No Olympic ultimatum from Los Angeles 2024 chiefs

The IOC is looking at the option of awarding two Olympics at once in order to capitalise on the Paris and Los Angeles bids at a time.

By: AFP | Los Angeles | Published:April 1, 2017 1:04 pm
IOC, International Olympic Committee, International Olympic Committee news, International Olympic Committee updates, LA 2024, sports news, sports, Indian Express LA 2024 chairman Casey Wasserman told AFP in an interview that IOC moves to explore the possibility of awarding both the 2024 and 2028 Summer Games at the same time. (Source: Reuters)

The head of Los Angeles’s bid for the 2024 Olympics ruled out issuing an ultimatum to the International Olympic Committee, taking a veiled swipe at rival city Paris as the battle for the Games heats up.

LA 2024 chairman Casey Wasserman told AFP in an interview that IOC moves to explore the possibility of awarding both the 2024 and 2028 Summer Games at the same time at a vote in September were “absolutely right.”

But while Wasserman argued forcefully that Los Angeles was the best candidate for 2024, he stopped short of issuing an ultimatum.

Paris co-chairman Tony Estanguet had warned last week that it was “now or never” for the French capital, and that if the city’s tilt at 2024 was not successful “we will not come back for 2028.”

“Now or never sounds like an ultimatum to me,” Wasserman told AFP at his Los Angeles office.

“I have been in business a long time. I never had a successful relationship or partnership with any entity by issuing an ultimatum. “We will not issue an ultimatum.”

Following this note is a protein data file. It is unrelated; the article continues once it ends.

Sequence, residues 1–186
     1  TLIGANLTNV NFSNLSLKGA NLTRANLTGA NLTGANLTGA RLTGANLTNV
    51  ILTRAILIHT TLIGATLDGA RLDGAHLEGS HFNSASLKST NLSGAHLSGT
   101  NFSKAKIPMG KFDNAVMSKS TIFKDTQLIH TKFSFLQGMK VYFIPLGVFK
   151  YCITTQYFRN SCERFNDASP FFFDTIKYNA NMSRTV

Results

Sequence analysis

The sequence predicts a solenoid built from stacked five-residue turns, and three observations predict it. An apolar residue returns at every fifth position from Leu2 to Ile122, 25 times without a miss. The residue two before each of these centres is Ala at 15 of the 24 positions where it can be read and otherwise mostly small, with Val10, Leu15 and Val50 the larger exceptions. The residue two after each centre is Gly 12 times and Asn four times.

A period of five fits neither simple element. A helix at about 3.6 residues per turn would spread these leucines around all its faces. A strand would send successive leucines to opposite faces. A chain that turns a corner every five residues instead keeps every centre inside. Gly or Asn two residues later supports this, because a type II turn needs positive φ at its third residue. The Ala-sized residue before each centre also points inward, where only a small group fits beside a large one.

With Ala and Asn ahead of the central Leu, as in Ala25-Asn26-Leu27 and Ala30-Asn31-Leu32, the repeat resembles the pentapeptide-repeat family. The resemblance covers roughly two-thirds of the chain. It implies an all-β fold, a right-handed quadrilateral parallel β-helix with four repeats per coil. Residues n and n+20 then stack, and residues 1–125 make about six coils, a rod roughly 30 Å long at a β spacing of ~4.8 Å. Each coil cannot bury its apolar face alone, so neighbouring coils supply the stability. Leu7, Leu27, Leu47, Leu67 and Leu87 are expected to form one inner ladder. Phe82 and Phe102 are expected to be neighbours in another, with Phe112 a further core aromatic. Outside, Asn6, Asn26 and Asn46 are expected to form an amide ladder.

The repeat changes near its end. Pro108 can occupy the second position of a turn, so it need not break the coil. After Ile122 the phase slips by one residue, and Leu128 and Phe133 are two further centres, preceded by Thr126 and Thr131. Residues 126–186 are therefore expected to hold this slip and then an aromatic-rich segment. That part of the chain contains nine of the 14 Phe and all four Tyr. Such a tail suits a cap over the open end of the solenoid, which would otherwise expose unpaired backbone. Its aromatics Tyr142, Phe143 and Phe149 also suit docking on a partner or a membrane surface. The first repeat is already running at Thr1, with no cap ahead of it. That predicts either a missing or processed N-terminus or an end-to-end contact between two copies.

Wasserman was speaking amid intense speculation concerning the race for 2024, which will be decided at an IOC vote in Lima on September 13.

The IOC is looking at the option of awarding two Olympics at once in order to capitalise on the Paris and Los Angeles bids at a time when fewer and fewer cities are willing to take on the financial and logistical responsibilities of staging an Olympic Games.

“It’s exactly the kind of idea and strategic initiative the IOC should be thinking about,” Wasserman said.

“But if you take a step back, if you look at the strategic rationale, it points to the importance and the necessity of LA going first.”

LA’s bid, which would require no major infrastructure projects or venue construction, making use of existing facilities, offered the prospect of “calm and stability” for the Olympic movement, Wasserman said.

“No political interference, tremendous support from our citizens, no capital projects, no budget overruns. That’s LA. And that calms and creates stability,” Wasserman said.

Pressed on whether there was any scenario in which Los Angeles officials may consider staging the games in 2028, Wasserman said the city remained focused only on 2024.

“No-one’s a candidate for 2028. I think that’s a hypothetical and it’s not worth discussing. The IOC’s got a process. We’ve had no conversations with the IOC about that process. We don’t know what their intent is,” he said.

“We don’t know what their approach is going to be, so for 0anyone to comment on 2028 is premature.”

There had also been no discussions with the IOC about the possibility of a joint 2024/2028 award.

“They’ve not reached out to us. Other than the public statements they’ve made, we’ve had nothing,” he said.

With the 2016 Rio de Janeiro Olympics mired in corruption allegations, and questions raised about white elephant venues which have been left to rot, the stakes for the IOC could not be higher as it ponders its choice for 2024.

Wasserman said the Olympic movement was at a “turning point”.

“The next host of the Olympics had better get it right. I don’t think the Olympic movement wants to be put in a poistion of having seven more years of the kind of challenges they have had in the past,” Wasserman said. “The Olympics deserves better, the movement deserves better.”

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